Comments: 4
Portable Magic 1 year ago
Great review! It's funny that the author managed an objectivity that the subject of the book never achieved. Regarding her unlikeability, though, I think that sometimes the very personality and character traits behind a person's ability to accomplish extraordinary things are also traits that can make them deeply unlikeable. Not saying that one requires the other, but it seems to correlate for many.
It was interesting to read in the intro section where the author Moorehead talked about how she knew Gellhorn - and in particular how she was never really close enough to be dropped like some of the friends were - but I think it was also due to Gellhorn being more of a friend through knowing Moorehead's family. I think Moorehead was just close enough to Gellhorn to see the personality and realize the big problems involved. I now want to make a list of Biographies of People I Didn't Admire As Much After I Learned What a Massive Pain They Were To Live With! And funny thing - all of those bios are well written. And thinking on all of them - I think you're on the nose for the accomplishment power/unlikable thing.

I've read loads of bios on reporters for work/school - and the whole objectivity thing was always something argued over - fun, how that doesn't change really. It's fascinating to read US WW2 reporting that was considered objective at the time - the biases were all there - but only if you know what was not being reported on. (Even today war orphans don't get overly much column space/air time.) And that's different from what was known to reporters but actively not mentioned in any of the news - because in those days the majority of reporters were told not to print things and didn't. (Not just troop movements - deaths, destruction, anything that made the Allies look at all bad, etc. long after such info was known/printed elsewhere.) Which is why history is always soooo much easier than journalism.

But apart from the whole objectivity is complicated thing - Gellman seemed really blind to some issues, or actively never looking at some things from other angles. Which - after reading the book - I only get angry at her for because she was SO damn harsh in criticizing others for such things. And even better - she hated hypocrites. Totally had me talking back to the book/Gellman: "Are you listening to yourself?! How can you, argh, no!"
Portable Magic 1 year ago
Well, objectivity requires both self-awareness and a certain amount of humility. By that, I mean the ability to acknowledge that others may hold differing, but equally valid, points of view. If you can't acknowledge your own biases and faulty thinking, how can you be objective?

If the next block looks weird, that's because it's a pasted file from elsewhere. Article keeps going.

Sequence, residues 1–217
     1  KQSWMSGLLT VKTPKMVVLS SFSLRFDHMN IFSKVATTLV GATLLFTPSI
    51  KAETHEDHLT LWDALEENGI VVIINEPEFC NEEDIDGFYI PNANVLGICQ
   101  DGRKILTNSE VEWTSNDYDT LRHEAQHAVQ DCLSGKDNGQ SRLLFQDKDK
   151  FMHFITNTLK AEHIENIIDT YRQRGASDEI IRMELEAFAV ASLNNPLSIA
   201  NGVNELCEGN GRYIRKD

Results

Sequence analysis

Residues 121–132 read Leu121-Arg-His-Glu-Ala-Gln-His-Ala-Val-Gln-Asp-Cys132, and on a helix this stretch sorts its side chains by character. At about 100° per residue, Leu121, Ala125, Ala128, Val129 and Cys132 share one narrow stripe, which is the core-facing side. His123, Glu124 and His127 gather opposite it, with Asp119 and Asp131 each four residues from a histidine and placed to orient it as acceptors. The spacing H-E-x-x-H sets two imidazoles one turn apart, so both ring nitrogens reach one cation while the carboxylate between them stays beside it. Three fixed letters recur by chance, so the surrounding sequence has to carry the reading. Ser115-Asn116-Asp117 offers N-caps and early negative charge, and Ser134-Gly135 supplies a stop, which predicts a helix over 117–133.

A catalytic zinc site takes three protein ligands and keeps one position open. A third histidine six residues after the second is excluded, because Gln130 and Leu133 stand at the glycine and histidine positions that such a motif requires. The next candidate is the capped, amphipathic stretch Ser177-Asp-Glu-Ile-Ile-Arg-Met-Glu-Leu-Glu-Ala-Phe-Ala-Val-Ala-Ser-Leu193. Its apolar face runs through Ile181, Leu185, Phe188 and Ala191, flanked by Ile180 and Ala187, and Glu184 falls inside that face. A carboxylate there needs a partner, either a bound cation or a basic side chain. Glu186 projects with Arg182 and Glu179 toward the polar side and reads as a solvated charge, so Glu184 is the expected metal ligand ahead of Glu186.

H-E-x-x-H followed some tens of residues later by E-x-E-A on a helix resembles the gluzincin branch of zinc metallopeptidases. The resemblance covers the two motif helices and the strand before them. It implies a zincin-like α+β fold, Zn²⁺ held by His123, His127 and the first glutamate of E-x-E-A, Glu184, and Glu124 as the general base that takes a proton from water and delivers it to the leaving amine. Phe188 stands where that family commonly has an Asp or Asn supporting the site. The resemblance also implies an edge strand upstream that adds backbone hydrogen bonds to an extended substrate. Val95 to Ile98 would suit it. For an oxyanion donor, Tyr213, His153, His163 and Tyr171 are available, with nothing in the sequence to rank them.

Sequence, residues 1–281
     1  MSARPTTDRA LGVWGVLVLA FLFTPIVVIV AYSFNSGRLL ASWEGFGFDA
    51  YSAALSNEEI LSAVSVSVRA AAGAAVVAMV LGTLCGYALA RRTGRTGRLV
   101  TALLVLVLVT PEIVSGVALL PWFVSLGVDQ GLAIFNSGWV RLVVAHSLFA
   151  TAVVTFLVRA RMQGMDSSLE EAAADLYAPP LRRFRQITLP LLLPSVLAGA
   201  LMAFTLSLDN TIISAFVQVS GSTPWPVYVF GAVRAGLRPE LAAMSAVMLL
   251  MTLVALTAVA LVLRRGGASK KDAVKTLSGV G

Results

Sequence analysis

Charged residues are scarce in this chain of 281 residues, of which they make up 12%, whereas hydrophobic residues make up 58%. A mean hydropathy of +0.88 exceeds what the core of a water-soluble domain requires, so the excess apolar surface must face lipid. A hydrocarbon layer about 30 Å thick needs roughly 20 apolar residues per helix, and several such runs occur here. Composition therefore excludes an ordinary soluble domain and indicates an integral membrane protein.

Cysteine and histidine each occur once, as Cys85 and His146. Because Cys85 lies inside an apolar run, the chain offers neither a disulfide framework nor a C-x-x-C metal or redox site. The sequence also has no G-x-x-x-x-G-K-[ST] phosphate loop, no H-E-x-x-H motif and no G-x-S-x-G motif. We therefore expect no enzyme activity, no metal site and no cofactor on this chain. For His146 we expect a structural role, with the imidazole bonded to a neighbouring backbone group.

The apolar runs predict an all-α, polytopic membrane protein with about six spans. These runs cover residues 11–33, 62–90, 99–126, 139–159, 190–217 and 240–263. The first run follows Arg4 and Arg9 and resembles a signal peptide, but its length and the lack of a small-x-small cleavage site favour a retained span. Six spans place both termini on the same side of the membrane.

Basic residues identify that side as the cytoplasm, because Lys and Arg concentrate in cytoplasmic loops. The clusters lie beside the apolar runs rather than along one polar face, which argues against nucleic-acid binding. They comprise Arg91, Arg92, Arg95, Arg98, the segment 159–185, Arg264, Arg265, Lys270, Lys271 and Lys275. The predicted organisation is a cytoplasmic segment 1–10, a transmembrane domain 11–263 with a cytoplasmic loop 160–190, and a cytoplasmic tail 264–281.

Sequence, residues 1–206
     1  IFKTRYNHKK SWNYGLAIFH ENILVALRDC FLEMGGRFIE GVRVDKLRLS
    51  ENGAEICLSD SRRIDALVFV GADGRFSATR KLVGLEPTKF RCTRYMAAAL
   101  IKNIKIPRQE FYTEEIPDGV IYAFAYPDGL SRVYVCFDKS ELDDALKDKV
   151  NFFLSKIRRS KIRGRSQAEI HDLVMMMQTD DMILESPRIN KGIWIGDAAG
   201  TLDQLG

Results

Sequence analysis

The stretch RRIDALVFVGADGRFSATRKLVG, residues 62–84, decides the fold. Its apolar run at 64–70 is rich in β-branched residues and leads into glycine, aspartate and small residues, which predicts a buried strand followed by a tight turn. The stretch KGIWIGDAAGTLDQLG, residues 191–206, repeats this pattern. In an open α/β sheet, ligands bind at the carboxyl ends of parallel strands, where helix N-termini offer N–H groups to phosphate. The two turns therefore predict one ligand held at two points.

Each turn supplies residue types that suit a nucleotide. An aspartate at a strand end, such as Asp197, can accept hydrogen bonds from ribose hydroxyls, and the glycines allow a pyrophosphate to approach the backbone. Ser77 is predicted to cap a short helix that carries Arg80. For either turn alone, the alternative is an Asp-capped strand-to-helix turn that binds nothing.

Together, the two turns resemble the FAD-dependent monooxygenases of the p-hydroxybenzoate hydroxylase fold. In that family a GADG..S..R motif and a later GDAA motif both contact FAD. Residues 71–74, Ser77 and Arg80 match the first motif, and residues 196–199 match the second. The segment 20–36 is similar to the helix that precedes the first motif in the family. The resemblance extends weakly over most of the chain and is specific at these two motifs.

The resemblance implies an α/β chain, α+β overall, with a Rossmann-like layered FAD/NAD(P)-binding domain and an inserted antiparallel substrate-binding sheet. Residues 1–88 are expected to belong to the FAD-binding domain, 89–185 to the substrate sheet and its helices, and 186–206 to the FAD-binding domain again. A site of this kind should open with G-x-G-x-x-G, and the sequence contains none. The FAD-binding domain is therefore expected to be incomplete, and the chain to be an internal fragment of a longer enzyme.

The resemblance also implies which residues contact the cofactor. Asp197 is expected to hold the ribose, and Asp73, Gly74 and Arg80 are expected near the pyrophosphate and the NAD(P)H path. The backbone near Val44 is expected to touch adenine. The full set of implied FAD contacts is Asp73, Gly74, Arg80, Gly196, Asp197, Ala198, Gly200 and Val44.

I don't know if Gellman would have have been able to be that self aware - I mean, she spent loads of time fixated on what she considered her failings, especially as a writer, but that's not quite the same as deeper awareness of what you're blind to, what you're not seeing. (Now that I think of it, it isn't an easy thing.) And she seems to have been one of those "you don't hold my opinion on X, but you are wrong and should think as I do! Mine is obviously the right way!" I suppose on the plus side she liked to hold spirited debates about things - and in later life seemed to be ok with people disagreeing with her. (As long as they didn't bore her, because that was a sin. To her, that is.)

I guess it comes down to whether a mostly selfish person can ever truly be self aware enough to be able to acknowledge their biases - she seemed too stuck on the idea of her own rightness to question herself that way. I think some of this was solved in ye olden days (heh of like a few decades ago) by having good editors around who'd just cut the overtly biased stuff out, and call out the reporter on the failed bits. Gellman really needed that.

You've now got me really rethinking all this just with the word humility - because oddly she was very much unsure and non-boastful about her writing and career itself, and constantly plagued by self doubt. She was the crusader for issues sort of person - so in the sense she was pushy and self righteous it was all about speaking for people she thought weren't being represented. So it's really hard to balance out with the selfish/demanding way she'd act towards others. I think this goes back to what you were saying about unlikable people their ability to accomplish things - those prickly personality traits making it possible.